Could curcumin benefit gut diversity and prevent post-menopausal weight gain?
Rats fed curcumin for 12 weeks after undergoing removal of their ovaries showed a greater gut microbiome diversity than those administered distilled water, observed the research team from the China Academy of Chinese Medical Sciences, Beijing.
Curcumin, an active ingredient of turmeric, had demonstrated weight-gain prevention effects in previous studies in menopausal rats. The researchers wondered whether possible changes in gut microbial composition induced by curcumin might be involved; an aspect which had not been investigated until this study.
Rats which had undergone the ovariectomy (OVX), but were fed distilled water, showed reduced gut bacterial diversity compared with the control group rodents (SHAM) which underwent a sham operation. However, ovariectomised rats given curcumin (CUR) displayed significantly different numbers of seven bacterial genera compared with the OVX group.
“Estrogen deficiency induced by ovariectomy caused changes in the distribution and structure of intestinal microflora in rats, and curcumin could partially reverse changes in the diversity of gut microbiota,” wrote first author Dr. Zhiguo Zhang.
Curcumin prevents weight gain
Consistent with previous studies, rats in the OVX group displayed significant weight gain compared with the SHAM group. However, curcumin supplementation prevented this weight gain in the CUR group. The curcumin did not however have an estrogenic effect, as it prevented neither reduced serum estradiol levels nor uterine weight loss.
The small size (18 subjects) is a limitation of the study. However, if results are replicated in subsequent larger animal trials, they may justify for future intervention trials in humans; with curcumin as a possible therapeutic agent to prevent post-menopausal weight gain and maintain gut health.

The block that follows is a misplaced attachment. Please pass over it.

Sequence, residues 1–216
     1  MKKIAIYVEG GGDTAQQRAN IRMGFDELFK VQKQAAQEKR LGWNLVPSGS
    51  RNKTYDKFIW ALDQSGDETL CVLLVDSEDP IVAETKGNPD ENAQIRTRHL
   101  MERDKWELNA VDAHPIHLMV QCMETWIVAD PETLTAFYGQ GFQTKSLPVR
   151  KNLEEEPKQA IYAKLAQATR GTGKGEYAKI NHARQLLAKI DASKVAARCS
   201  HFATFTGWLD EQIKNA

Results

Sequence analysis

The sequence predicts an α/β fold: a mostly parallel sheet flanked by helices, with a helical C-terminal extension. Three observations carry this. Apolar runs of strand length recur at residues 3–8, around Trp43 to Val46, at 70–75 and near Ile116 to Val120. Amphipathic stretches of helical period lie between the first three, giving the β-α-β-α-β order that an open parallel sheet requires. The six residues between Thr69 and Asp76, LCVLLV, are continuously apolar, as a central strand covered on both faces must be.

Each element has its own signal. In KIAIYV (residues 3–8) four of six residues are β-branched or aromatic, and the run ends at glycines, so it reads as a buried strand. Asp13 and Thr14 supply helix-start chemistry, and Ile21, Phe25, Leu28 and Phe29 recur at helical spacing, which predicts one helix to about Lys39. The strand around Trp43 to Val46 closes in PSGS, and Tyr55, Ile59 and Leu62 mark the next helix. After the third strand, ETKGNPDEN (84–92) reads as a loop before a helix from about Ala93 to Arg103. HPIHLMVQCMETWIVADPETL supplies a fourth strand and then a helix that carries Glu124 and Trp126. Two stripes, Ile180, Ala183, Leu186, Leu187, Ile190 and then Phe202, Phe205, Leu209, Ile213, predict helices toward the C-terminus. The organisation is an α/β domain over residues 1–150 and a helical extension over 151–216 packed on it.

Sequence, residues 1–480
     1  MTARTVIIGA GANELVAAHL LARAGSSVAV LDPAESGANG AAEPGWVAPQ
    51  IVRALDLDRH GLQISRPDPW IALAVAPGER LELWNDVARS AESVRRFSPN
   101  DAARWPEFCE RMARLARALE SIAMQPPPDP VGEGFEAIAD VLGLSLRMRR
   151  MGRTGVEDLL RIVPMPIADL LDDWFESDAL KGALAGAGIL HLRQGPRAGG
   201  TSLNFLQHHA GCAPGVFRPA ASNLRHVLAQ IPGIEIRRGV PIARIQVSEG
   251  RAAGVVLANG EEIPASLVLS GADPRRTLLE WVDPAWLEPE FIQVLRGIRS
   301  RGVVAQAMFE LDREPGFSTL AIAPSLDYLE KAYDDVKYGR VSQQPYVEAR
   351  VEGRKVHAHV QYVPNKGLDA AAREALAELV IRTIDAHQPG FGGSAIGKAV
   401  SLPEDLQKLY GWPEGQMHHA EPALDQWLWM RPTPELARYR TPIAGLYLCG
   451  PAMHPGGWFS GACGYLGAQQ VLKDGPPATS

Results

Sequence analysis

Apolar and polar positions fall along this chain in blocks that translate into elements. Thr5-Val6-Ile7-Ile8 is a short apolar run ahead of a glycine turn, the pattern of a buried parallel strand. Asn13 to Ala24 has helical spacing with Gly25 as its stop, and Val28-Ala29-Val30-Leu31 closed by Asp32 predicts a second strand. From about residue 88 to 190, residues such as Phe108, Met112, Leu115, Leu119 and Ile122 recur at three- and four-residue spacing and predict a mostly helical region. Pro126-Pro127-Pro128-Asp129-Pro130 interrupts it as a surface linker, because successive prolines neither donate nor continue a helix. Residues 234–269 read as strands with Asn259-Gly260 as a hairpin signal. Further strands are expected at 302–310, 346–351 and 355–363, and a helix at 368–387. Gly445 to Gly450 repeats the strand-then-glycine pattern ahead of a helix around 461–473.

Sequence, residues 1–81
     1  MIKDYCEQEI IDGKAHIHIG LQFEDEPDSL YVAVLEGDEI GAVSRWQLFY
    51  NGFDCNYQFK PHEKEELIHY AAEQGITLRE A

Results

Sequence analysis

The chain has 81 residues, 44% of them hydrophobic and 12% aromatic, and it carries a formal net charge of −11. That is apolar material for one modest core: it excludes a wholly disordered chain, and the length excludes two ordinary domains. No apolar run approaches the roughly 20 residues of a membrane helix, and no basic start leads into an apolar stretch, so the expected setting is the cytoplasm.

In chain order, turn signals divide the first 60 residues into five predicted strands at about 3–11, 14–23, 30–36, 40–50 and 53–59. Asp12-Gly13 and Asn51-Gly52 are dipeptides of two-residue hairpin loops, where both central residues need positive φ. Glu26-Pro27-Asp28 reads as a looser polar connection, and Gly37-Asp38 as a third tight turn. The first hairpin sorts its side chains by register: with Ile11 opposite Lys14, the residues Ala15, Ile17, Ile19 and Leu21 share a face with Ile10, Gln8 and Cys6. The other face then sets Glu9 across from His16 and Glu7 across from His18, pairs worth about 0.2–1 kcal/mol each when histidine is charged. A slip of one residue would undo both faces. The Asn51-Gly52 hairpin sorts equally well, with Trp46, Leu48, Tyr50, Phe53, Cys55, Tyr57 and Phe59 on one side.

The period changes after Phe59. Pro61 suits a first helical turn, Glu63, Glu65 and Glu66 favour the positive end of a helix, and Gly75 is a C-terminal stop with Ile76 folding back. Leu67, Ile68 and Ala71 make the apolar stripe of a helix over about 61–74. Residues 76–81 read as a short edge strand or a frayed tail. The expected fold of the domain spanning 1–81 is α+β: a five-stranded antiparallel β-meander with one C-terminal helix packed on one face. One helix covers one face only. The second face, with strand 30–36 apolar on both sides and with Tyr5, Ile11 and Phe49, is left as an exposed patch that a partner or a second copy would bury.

“At the phyla level, compared to SHAM rats, model (OVX) rats had a higher ratio of phyla Firmicutes and Bacteroidetes in the gut, which may lead to overweight rats,” observed the researchers.
Previous studies in both menopausal women and animals have displayed significant changes to microbiome composition after ceasing ovulation. Additionally, a higher Firmicutes/ Bacteroidetes ratio has been associated with obesity in humans.
The study observed two other potentially beneficial effects of curcumin. The CUR group showed lower levels of Anaerotruncus, a bacterium which has been linked with pre-natal stress and age-related macular degeneration.
Additionally, the researchers found that curcumin lowered the abundance of Helicobacter pylori, the bacterium responsible for stomach ulcers. More research is needed to explore the relationship between H. pylori, menopause and curcumin, the researchers proposed.
Volume 9, issue 10, 1146 DOI: 10.3390/nu9101146
“Effect of Curcumin on the Diversity of Gut Microbiota in Ovariectomized Rats”
Authors: Zhiguo Zhang, Yanjing Chen, Lihua Xiang, Zhen Wang, Gary Guishan Xiao, and Jingqing Hu.